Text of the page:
Vault toilet ventilation pipes are not the only man-made cavities that can be hazardous for birds. Virtually any vertical open pipe can trap a curious bird. Once they fly in, tight confines prevent them from opening their wings, and unlike in natural cavities, the slick surface inside pipes prevents birds from getting a foothold to climb up and out. One survey of over 800 open pipes used as mining claim stakes in Nevada found the carcasses of almost 900 birds. A single defunct irrigation pipe in California contained the bodies of 200 birds. You can prevent unnecessary bird deaths on your property by capping or covering vertical open pipes. The cap or screen need not be expensive, as long as it is not easily dislodged by wind or other disturbance.

 

(This article was originally published in the March 25, 2017 issue of the Grand Junction Daily Sentinel, as Life-saving Screen)

 

 

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Poo-Poo Project Prevents Bird Deaths

Listening for ping-pong balls bouncing in the night

This is an article I wrote for our local cultural website Fruita Pulp.  If you are interested in the goings on in my neck of the woods, check it out.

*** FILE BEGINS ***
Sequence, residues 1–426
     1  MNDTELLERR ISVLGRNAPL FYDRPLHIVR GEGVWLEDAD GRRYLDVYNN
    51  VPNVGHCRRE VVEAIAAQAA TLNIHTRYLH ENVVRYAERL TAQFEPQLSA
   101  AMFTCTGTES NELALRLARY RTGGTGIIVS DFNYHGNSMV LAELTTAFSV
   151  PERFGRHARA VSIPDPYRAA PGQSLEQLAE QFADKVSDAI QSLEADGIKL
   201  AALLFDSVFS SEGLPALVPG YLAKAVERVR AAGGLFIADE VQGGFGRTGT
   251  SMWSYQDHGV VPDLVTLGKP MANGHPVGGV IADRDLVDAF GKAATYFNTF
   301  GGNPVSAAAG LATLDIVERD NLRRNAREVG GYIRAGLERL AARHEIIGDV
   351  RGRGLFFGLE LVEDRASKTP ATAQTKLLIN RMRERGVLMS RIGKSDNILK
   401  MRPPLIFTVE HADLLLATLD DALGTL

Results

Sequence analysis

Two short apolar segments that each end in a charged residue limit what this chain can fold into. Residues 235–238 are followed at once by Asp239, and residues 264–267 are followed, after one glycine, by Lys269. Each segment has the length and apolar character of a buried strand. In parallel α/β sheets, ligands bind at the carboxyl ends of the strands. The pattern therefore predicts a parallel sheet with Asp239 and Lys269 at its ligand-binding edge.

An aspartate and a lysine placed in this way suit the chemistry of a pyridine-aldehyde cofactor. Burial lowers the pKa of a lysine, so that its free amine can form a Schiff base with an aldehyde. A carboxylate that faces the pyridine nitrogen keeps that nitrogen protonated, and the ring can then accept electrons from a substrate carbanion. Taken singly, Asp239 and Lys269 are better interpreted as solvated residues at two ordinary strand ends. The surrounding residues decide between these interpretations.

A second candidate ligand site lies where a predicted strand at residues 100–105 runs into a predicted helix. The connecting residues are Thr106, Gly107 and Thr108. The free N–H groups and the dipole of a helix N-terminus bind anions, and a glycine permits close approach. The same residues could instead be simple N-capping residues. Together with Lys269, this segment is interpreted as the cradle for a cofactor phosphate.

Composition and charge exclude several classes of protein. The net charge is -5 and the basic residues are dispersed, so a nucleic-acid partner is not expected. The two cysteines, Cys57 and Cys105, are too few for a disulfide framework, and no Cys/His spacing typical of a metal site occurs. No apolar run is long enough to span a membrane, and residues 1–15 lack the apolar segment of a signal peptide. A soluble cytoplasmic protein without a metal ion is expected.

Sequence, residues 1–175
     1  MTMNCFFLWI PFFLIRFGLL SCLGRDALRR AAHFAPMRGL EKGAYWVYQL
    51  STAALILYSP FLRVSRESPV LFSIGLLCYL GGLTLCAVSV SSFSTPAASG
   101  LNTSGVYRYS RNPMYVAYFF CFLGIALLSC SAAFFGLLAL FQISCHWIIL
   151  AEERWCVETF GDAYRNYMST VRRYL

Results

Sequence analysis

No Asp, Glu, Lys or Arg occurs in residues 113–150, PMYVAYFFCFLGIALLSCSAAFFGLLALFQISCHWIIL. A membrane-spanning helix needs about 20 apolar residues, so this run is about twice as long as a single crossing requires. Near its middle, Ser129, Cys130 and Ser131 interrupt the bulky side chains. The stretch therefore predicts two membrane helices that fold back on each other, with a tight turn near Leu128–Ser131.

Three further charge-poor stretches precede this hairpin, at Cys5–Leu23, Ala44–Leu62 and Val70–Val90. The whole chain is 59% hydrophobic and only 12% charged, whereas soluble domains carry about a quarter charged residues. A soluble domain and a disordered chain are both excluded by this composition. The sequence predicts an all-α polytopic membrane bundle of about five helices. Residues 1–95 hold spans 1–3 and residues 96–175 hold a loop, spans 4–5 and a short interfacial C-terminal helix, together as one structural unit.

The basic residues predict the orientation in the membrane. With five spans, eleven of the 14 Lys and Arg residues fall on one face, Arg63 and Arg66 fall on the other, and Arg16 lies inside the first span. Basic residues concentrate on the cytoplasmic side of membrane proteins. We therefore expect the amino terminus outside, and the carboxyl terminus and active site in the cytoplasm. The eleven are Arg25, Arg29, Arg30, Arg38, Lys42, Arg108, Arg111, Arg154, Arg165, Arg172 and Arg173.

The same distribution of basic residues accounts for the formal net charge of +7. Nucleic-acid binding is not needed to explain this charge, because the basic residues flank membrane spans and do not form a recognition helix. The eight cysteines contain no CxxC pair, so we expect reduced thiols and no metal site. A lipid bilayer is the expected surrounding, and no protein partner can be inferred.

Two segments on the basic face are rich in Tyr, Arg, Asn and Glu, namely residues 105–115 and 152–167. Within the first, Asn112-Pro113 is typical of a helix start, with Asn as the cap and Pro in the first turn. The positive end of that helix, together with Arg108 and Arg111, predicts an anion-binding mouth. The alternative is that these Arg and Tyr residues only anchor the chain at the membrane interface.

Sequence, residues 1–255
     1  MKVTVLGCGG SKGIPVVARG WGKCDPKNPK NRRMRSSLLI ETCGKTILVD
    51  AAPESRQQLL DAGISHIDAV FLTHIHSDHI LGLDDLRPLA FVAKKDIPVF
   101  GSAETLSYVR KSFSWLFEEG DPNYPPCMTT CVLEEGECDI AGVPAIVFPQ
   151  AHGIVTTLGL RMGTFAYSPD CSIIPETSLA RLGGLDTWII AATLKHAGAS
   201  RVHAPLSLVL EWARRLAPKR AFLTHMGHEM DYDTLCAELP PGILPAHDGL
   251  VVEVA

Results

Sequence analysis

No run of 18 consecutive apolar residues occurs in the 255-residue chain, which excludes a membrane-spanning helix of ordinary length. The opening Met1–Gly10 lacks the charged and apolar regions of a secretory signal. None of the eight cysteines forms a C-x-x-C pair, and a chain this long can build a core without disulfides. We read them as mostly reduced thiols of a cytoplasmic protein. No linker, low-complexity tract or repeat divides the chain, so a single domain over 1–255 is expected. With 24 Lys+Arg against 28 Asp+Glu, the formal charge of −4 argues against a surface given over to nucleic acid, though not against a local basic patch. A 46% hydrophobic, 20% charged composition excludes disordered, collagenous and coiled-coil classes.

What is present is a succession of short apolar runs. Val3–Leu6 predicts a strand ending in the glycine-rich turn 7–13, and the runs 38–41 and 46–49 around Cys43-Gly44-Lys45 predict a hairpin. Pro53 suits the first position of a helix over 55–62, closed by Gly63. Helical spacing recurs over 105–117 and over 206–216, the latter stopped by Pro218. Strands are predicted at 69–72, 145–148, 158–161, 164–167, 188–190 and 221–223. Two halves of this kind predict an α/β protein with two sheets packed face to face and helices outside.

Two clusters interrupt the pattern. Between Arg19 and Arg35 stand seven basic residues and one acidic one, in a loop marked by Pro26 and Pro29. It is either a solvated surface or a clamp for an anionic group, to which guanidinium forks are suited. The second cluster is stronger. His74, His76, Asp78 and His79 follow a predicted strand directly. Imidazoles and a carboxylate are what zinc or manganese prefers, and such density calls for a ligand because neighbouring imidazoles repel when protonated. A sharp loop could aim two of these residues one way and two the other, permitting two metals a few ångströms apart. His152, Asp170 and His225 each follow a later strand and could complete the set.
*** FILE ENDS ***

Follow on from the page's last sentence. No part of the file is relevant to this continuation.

WESO - Brett Walker - 2011 - reducedWestern Screech-owl in nestbox along Big Salt Wash in Fruita, CO.  Photo by Brett Walker

It is 5:55 am and still very dark on the cold, snowy morning of December 16th. I pull over near the corner of Aspen and Orchard in Fruita and wake up my laptop. Holding up my little speaker, I play track 3 and listen for a response.  I must look a bit like a 2012 version of John Cusack’s character in the movie Say Anything, only much less fresh-faced.  Finally my response comes, a soft hoot that starts out loud and slow and then gets softer and faster.  Kind of like a ping-pong ball bouncing high on a table, gradually making shorter, faster bounces as it comes to rest.  I am not trying to woo a lovely high school girl living on Aspen St., rather I am trying to get an answer from a Western Screech-owl, a small unobtrusive bird, about 9 inches high, that blends in well with the bark of the trees where it perches.  These owls keep a low profile so you may not know it, but there is probably is one living in your neighborhood.  If so, you are in luck.  Unlike teenagers with boom boxes, they make great neighbors.